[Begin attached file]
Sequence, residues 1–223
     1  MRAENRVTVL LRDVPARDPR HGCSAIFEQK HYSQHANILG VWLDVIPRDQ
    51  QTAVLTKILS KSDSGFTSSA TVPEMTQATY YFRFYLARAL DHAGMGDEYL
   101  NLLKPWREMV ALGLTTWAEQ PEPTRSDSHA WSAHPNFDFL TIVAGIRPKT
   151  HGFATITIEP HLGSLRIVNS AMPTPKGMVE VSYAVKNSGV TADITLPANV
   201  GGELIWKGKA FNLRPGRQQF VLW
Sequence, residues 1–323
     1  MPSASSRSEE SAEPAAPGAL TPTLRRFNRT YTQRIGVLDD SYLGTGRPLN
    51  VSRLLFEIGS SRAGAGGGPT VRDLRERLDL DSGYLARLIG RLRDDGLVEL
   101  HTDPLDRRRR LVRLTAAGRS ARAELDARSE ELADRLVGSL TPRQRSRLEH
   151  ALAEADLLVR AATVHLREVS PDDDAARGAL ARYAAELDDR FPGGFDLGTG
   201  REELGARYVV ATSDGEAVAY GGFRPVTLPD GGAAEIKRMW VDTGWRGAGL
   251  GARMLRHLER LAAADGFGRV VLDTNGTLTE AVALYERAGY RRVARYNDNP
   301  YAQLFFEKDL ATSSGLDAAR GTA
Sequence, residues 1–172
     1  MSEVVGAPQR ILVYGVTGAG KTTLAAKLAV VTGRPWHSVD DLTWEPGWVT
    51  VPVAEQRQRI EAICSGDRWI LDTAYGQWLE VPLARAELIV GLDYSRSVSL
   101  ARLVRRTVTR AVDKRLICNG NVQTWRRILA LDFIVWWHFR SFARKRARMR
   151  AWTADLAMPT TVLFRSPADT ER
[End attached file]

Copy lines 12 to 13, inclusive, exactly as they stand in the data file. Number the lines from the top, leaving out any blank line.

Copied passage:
   201  REELGARYVV ATSDGEAVAY GGFRPVTLPD GGAAEIKRMW VDTGWRGAGL
   251  GARMLRHLER LAAADGFGRV VLDTNGTLTE AVALYERAGY RRVARYNDNP